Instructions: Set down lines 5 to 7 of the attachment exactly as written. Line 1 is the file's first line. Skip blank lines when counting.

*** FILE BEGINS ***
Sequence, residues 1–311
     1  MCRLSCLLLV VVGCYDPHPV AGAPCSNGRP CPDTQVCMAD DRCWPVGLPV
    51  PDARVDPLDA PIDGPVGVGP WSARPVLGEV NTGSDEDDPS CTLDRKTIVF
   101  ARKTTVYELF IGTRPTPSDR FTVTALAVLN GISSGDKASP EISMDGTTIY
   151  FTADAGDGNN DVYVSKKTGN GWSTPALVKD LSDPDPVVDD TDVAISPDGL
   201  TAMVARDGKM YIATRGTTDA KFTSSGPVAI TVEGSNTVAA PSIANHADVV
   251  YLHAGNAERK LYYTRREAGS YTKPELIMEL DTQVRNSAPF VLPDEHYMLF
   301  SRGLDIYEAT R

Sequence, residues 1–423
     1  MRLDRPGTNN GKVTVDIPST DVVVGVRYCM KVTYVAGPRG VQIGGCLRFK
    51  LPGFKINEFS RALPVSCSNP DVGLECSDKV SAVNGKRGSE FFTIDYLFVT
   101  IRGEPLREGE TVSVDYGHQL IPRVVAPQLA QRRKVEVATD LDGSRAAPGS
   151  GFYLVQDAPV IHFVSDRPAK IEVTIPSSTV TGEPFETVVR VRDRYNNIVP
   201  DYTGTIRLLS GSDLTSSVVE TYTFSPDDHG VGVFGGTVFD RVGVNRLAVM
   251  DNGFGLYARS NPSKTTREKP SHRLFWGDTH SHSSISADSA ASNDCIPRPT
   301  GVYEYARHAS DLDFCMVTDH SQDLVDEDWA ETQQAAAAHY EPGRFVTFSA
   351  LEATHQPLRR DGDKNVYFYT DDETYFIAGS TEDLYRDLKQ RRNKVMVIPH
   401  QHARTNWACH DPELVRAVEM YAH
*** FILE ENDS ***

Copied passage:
   151  FTADAGDGNN DVYVSKKTGN GWSTPALVKD LSDPDPVVDD TDVAISPDGL
   201  TAMVARDGKM YIATRGTTDA KFTSSGPVAI TVEGSNTVAA PSIANHADVV
   251  YLHAGNAERK LYYTRREAGS YTKPELIMEL DTQVRNSAPF VLPDEHYMLF